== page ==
Engaged employees are pivotal to an organization’s financial success, company culture, brand experience and ability to retain top talent. But according to Gallup’s most recent polls, only 31.5 percent of U.S. employees are actively engaged at work, and disengaged employees currently outnumber actively engaged employees 2 to 1.
Entrepreneurs tend to be forward-looking: They aim to develop cutting-edge technologies and drive industry-changing innovation with an eye toward shaping the future. Having a long-term outlook should be applauded — and that view should extend to personal finance topics, as well.
You’ve got plenty of clients. Or perhaps your product is flying off the shelves. So if business is this good now, why spend precious dollars investing further in your brand?
The Capital Region’s wine industry remains strong with Amador county as one of the most approachable wine scenes in the state. As you’ll read in one of our June features, “A Slow-Growth Splash,” staying authentic has been key in Amador county’s growth, but what will the future of California’s wine industry have in store?
Thoughtful leaders build teams and environments where people get stuff done effectively. Celebrating the successful efforts of employees is a great way to encourage future successes. What else do celebrations reinforce?
Sarah Sciandri is looking for a woman, but finding one is tougher than she thought. The 34-year-old likes her job as a marketing manager for the Sacramento architecture firm Nacht & Lewis, but she wants a female mentor to help move her career forward.
Sacramento’s health care sector is booming. What does that mean for local spending and jobs?
Unbeknownst to most of those attending the Sacramento Philharmonic and Opera’s Sergei Rachmaninoff performance in February, a cohort of fans relegated to the back rows were on their phones the entire show. They tweeted jokes about the concert, without shame. Because on this evening they were simply doing as asked.
Here’s an idea I share with my clients: We don’t actually get to decide what kind of leaders or communicators we are. Instead, the people in our lives decide the degree to which they value our impact. Whether you lead or manage people, look now through your employees’ eyes and ask, “Would I want to work for me?”
It’s important for transplants to realize that our greatest strength can also be our greatest liability. What we bring to the table is a disregard for what, allegedly, cannot be done. But it’s important to understand the context in which our ideas are being received. We need to be just as willing to learn as we are to create.
Dependent students at for-profit colleges have about 50 percent less family income than students attending community colleges and four-year public or private nonprofit colleges.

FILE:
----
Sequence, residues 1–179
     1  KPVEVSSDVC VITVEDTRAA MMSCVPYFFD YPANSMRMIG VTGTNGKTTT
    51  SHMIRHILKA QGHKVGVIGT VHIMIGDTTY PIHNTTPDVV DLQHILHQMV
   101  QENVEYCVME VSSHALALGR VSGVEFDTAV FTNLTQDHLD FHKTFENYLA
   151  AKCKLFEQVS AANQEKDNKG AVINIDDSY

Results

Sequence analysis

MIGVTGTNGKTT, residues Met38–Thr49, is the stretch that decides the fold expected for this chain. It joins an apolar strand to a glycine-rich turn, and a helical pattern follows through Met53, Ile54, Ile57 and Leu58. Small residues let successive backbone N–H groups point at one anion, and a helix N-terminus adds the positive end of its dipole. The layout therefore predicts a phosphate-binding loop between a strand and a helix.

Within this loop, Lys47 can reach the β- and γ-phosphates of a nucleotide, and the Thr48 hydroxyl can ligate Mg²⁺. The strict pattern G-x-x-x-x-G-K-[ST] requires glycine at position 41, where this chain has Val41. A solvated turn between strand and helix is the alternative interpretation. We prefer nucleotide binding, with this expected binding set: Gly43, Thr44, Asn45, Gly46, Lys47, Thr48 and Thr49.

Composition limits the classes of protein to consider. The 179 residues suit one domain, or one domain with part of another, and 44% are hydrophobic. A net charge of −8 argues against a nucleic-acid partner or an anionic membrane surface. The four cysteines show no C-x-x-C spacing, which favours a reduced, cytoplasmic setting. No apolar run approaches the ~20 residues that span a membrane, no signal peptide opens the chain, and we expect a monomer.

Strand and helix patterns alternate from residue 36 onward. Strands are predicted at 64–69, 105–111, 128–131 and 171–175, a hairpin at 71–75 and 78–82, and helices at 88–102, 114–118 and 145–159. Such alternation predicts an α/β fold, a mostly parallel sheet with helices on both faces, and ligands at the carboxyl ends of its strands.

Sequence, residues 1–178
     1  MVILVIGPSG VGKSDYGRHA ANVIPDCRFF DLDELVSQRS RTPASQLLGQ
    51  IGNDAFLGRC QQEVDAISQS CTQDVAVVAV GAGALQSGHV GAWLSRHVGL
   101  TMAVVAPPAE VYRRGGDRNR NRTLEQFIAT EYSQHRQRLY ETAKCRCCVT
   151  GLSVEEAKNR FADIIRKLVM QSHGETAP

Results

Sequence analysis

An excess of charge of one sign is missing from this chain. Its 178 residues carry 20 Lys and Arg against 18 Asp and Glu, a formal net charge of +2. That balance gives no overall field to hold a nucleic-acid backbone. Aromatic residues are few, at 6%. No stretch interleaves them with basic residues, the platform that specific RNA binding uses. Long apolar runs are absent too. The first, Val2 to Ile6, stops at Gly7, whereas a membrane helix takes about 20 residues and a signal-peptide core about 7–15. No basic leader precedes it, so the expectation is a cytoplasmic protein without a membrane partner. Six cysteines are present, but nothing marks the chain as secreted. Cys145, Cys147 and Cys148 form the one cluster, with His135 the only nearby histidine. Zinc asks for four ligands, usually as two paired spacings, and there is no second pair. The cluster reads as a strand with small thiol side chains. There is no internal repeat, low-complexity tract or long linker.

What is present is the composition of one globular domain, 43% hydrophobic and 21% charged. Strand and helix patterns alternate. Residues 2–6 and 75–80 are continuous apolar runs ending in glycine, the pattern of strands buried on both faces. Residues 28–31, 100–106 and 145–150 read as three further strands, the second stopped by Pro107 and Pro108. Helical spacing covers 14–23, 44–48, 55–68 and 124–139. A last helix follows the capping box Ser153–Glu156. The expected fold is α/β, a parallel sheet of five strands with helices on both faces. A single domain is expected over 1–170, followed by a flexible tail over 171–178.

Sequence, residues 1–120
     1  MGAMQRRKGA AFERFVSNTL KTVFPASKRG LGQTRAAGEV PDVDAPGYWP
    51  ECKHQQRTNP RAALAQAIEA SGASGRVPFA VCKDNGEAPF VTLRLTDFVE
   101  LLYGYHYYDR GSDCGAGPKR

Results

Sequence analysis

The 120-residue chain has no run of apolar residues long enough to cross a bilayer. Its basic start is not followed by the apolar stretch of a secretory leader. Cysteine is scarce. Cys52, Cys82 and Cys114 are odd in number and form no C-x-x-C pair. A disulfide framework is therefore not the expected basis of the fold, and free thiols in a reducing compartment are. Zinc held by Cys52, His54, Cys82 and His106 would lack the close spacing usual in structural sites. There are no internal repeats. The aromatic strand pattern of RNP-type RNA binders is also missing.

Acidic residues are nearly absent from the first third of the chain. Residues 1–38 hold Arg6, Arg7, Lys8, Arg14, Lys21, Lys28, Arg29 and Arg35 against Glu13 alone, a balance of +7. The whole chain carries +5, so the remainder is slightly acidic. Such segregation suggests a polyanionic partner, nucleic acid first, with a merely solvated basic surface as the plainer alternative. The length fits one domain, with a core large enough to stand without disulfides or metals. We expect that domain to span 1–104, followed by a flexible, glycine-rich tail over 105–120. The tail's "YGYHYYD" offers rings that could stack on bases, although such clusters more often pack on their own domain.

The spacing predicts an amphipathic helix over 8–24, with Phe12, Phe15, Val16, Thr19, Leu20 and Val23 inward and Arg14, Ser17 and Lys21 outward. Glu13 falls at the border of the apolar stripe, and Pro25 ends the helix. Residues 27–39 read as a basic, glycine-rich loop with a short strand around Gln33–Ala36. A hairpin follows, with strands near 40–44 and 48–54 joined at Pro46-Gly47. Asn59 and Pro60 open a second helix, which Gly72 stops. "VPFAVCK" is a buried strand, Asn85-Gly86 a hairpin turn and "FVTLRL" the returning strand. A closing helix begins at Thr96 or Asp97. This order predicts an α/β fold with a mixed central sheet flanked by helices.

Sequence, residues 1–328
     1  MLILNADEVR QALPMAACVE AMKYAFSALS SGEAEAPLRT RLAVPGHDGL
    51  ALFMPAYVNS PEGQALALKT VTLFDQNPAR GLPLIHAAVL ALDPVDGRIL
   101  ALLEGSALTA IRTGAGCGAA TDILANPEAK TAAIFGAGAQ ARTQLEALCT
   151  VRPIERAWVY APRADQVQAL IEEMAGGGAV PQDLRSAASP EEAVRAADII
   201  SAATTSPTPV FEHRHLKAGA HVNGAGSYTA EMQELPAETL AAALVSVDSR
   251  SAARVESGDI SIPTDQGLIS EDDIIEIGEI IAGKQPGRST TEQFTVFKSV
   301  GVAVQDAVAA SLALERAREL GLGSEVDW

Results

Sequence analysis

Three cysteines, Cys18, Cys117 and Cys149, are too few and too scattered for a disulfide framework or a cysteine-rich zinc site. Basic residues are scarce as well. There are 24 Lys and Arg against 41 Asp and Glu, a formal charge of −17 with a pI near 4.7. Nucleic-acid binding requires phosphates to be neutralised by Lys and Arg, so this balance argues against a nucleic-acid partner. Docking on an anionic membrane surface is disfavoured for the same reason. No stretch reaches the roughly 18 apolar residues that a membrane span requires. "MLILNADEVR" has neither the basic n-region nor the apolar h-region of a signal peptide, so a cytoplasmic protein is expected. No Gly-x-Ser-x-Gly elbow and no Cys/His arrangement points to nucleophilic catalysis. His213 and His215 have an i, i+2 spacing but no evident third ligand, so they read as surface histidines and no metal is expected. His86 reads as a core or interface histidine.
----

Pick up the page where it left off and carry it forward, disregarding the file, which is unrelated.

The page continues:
Working hard to achieve something new should not be fodder for punitive action; it’s the maintenance of a poorly functioning status quo that should be looked at with a sideways glance. Perfection lives on the same continuum as failure. In life, as in work, we learn painfully but fully from our failures — that is when we grow.
Thanks to a growing pool of financial apps, we can now review our budgets, tweak our investments and work toward retirement — all while waiting in line for a coffee.
Millennials are the cusp of their prime spending years. But will they spend those dollars on home ownership?
Imagine a world where you’re hooked to a system of electrodes that scans your skull, hunts for patterns, and then scores your IQ, emotional intelligence, ability to communicate, capacity for judgment and potential to be a good leader. Then imagine that the therapist says, “The bad news is that your score should be higher. The good news is that I can get it there by helping you physically change your brain.”
Toxic people don’t lack insight into their behavior — they lack motivation to change it. Instead, they spend their time gaming bosses, employees and jobs to their own advantage and the detriment of others. Leaders need to deal with them as soon as a problem arises with clear communication and accountability measures. If the bad behavior persists, they need to go.
In 2014-15, hotel occupancy, tourism spending and travel-generated jobs all reached five-year highs. But in such a mercurial industry — underscored in recent years by drought and wildfires — regional leaders and business owners have had to get creative to keep dollars coming in.